Many stem cells not ready for U.S.-backed research, labs say

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WASHINGTON (AP) Researchers who developed some of the 64 embryonic stem cell lines that can be studied under federal grants say some of the lines they produced may prove unsuitable for further use and others are mired in patenting and licensing issues.

Scientists at Goteborg University in Sweden, which the National Institutes of Health says has 19 cell lines available, said Tuesday that only three are ready for research. The rest are still being processed and have uncertain futures.

''We don't know if all of them ... will become cell lines,'' said Professor Anders Lindahl of the Institute of Laboratory Medicine at Sahlegrenska University Hospital in Goteborg. A stem cell line is established when the cells become a self-replenishing colony, creating generation after generation of identical cells.

In an NIH announcement on Monday, federal officials said a worldwide search had located 64 embryonic stem colonies that met President Bush's criteria for being used in federally funded research. Under Bush's rules, the cell lines had to be in existence on Aug. 9 and had to come from surplus embryos from fertility clinics. The embryo parents also had to have consented, without compensation, to give up the embryos for research.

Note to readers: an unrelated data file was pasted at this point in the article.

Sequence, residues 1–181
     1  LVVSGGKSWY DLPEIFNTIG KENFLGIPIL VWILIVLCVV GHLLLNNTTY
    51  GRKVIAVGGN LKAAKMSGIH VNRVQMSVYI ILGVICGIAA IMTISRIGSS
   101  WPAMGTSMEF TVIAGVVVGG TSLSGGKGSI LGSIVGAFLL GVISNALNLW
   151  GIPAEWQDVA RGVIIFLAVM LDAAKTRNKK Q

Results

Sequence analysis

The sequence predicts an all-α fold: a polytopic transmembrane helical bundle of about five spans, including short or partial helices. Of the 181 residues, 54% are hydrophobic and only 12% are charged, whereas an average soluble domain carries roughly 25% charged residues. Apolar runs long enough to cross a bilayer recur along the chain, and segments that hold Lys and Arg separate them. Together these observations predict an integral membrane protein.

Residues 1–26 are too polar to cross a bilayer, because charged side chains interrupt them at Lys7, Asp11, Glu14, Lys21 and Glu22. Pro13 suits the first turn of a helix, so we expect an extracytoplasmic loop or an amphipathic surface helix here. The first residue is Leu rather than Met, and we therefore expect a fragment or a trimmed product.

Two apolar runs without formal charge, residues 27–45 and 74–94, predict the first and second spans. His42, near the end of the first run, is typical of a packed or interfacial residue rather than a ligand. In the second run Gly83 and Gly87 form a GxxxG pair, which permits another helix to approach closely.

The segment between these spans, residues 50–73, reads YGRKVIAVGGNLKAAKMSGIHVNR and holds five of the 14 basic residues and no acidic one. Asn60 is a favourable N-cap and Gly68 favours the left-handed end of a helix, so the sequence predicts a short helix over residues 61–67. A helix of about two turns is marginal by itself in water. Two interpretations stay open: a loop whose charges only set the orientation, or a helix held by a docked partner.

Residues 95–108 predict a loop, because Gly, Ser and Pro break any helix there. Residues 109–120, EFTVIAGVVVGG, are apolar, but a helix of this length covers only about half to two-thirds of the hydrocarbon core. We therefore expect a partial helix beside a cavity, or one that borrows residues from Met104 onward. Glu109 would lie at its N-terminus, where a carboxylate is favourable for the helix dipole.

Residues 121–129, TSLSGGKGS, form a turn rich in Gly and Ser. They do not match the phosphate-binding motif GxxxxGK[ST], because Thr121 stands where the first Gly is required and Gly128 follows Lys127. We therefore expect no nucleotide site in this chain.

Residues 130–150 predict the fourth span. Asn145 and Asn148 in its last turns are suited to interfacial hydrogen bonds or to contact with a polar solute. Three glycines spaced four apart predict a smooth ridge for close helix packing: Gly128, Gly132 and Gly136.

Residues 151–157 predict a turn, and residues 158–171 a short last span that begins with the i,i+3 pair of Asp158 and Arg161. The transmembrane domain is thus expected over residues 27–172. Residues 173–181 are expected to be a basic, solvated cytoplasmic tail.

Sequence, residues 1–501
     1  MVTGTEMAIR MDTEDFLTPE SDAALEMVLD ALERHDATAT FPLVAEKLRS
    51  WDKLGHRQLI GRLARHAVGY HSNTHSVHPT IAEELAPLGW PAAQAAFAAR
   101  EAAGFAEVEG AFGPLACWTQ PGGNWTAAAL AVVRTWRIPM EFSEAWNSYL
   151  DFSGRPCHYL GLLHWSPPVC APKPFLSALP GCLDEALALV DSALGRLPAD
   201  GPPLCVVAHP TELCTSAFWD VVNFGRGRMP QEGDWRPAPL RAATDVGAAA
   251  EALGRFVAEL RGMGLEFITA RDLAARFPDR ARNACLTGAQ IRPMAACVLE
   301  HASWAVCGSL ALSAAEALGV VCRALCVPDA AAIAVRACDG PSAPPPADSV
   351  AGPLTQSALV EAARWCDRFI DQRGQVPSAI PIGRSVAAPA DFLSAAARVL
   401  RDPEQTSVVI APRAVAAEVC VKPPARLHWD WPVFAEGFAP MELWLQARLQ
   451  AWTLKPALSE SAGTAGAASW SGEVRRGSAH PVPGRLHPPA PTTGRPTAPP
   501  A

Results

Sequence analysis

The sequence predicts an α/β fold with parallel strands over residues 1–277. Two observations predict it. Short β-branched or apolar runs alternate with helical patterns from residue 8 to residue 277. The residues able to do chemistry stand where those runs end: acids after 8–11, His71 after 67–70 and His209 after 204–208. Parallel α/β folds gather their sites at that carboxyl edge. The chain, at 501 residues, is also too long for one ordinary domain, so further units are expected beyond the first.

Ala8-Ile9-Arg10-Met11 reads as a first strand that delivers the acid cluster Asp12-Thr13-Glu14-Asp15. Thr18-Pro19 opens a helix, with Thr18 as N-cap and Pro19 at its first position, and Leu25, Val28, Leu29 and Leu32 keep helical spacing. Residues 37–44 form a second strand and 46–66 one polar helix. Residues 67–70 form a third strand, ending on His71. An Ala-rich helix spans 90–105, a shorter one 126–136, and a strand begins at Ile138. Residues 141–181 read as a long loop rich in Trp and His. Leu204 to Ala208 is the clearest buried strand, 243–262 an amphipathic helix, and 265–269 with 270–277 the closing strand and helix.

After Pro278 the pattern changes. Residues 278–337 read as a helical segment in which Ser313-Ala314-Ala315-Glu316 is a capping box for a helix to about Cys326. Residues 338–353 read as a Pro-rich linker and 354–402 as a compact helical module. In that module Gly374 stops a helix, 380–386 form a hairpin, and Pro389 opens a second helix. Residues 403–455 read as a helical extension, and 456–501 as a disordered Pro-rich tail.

Lindahl said his laboratory was willing to let its cell lines be used in NIH research but noted: ''We have to be selective.''

He also said patent rights involving the cell lines are unsettled.

At Karolinska Institute in Stockholm, which NIH said had five cell lines, officials said the colonies are not scientifically ready for research.

''The cells are not validated,'' said Professor Lars Ahrlund-Richter. ''That is necessary in order to continue with clinical research.''

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